Tape: 2 Story: 2 - William Moore talks about being mentored by local photographer Chuck Willis

Tape: 2 Story: 3 - William Moore talks about his high school experiences

Tape: 2 Story: 4 - William Moore talks about his mentor Chuck Willis's work and being an assistant to Willis

Tape: 2 Story: 5 - William Moore talks being drafted in the United States Army and serving in Korea

Tape: 2 Story: 6 - William Moore talks about learning the technical process of photography at Laney College on the G-I Bill

Tape: 2 Story: 7 - William Moore talks about his first jobs as a photographer after graduating from Laney College in Oakland, California

Tape: 2 Story: 8 - William Moore talks about meeting his wife at his mentor Chuck Willis's photography studio

Tape: 2 Story: 9 - William Moore describes how he got hired for his first job in television in 1968

Tape: 3 Story: 1 - William Moore talks about the assassination of Martin Luther King, Jr. and being hired at KTVU Channel 2 in Oakland, California

Tape: 3 Story: 2 - William Moore talks about working with KTVU News in Oakland, California in the late 1960s and early 1970s

Tape: 3 Story: 3 - William Moore talks about covering anti-Vietnam War protests in Berkeley, California, which motivated him to cover news stories

Tape: 3 Story: 4 - William Moore talks about covering the Black Panthers and the Patty Hearst kidnapping for KTVU Channel 2 in Oakland, California

Tape: 3 Story: 5 - William Moore describes the day Mayor George Moscone and Supervisor Harvey Milk were assassinated and covering the Dan White trial

Tape: 3 Story: 6 - William Moore discusses his personal connections to Jim Jones's followers and reporting on Jones's church

Tape: 3 Story: 7 - William Moore talks about covering the 1988 earthquake in Nicaragua for KTVU Channel 2

Tape: 3 Story: 8 - William Moore talks about filming news stories with his wife, HistoryMaker Belva Davis, while on vacation in Jamaica, Brazil, Italy, and Haiti

Tape: 3 Story: 9 - William Moore talks about covering an assignment in Kenya with his wife, HistoryMaker Belva Davis, and filming in South Africa

Tape: 3 Story: 10 - William Moore talks about covering the 1989 Loma Prieta earthquake in San Francisco, California, pt. 1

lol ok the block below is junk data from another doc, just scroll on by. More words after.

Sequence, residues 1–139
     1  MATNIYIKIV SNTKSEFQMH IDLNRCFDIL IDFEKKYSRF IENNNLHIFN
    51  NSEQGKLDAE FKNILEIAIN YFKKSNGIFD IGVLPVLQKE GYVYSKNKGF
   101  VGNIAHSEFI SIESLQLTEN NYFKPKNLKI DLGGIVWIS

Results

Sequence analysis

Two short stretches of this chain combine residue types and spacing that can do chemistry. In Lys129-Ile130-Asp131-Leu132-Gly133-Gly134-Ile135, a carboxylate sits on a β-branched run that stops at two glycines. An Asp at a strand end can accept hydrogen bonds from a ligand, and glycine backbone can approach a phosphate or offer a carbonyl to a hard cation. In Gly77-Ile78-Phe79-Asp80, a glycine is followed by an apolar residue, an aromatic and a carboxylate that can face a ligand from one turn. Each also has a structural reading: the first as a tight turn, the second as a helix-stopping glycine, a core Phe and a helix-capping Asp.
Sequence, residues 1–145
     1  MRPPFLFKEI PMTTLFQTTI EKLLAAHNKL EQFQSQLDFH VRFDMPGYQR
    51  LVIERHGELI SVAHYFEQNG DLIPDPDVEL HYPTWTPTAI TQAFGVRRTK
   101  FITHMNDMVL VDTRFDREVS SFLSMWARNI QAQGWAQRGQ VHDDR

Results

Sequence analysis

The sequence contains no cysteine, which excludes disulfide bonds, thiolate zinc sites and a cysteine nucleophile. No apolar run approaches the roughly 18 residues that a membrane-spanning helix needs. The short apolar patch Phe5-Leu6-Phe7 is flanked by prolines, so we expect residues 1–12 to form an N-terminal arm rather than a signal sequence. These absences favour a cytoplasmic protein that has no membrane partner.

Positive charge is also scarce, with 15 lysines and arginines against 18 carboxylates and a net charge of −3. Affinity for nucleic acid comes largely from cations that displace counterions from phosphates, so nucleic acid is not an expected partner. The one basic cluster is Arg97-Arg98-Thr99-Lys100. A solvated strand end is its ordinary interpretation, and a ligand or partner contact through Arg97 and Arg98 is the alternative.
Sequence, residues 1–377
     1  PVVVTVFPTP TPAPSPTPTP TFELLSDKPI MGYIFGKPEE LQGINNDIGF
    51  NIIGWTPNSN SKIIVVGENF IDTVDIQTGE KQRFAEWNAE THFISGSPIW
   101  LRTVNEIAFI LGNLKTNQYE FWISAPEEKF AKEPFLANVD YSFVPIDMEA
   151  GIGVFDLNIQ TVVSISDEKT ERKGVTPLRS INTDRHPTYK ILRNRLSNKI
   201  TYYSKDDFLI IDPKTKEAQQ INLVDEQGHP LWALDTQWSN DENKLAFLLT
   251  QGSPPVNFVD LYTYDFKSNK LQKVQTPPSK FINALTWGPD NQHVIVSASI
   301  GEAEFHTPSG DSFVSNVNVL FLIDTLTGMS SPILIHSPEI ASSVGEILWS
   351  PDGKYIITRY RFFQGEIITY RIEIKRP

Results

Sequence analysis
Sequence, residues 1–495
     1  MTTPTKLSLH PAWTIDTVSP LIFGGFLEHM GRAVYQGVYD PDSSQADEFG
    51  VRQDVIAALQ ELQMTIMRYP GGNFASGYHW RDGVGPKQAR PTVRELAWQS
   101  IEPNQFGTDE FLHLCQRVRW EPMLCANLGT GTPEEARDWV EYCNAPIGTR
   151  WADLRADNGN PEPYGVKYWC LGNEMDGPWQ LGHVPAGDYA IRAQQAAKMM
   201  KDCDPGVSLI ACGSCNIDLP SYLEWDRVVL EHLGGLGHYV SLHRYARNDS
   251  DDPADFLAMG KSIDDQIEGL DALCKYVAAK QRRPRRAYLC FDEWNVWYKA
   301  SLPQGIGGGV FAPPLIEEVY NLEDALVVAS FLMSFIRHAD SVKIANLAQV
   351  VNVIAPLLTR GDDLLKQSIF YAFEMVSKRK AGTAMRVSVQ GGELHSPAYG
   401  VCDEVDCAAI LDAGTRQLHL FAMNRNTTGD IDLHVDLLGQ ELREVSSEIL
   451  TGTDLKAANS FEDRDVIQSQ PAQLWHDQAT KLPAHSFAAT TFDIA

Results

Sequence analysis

Tape: 4 Story: 1 - William Moore talks about covering the 1989 Loma Prieta earthquake in San Francisco, California, pt. 2

Tape: 4 Story: 2 - William Moore recalls the Oakland Hill fire of 1991

Tape: 4 Story: 3 - William Moore talks about the impact of the 1994 O.J. Simpson trial on news coverage of court trials

Tape: 4 Story: 4 - William Moore talks about the archive of news footage from his career

Tape: 4 Story: 5 - William Moore reflects upon covering multiple historic events and the impact of covering the assassination of San Francisco Mayor George Moscone

Tape: 4 Story: 6 - William Moore talks about his volunteer work and teaching at Ohlone College after retiring from broadcasting in 1996

Tape: 4 Story: 7 - William Moore talks about the technological developments in film since he started his career in 1968 and his decision to retire

Tape: 4 Story: 8 - William Moore talks about teaching at Ohlone College in Fremont, California

Tape: 4 Story: 9 - William Moore talks about the possibility of exhibiting his photographs or publishing a book

Tape: 4 Story: 10 - William Moore reflects on his career in the San Francisco Bay Area

Tape: 4 Story: 11 - William Moore talks about his professional legacy

Tape: 4 Story: 12 - William Moore talks about his hopes and concerns for the African-American community

Tape: 5 Story: 1 - William Moore talks about the advice he would give to young African Americans who wish to get involved in television or photography

Tape: 5 Story: 2 - William Moore talks about his family

Tape: 5 Story: 3 - William Moore talks about how he would like to be remembered

DASession

1$1

DATape

3$4

DAStory

8$5

DATitle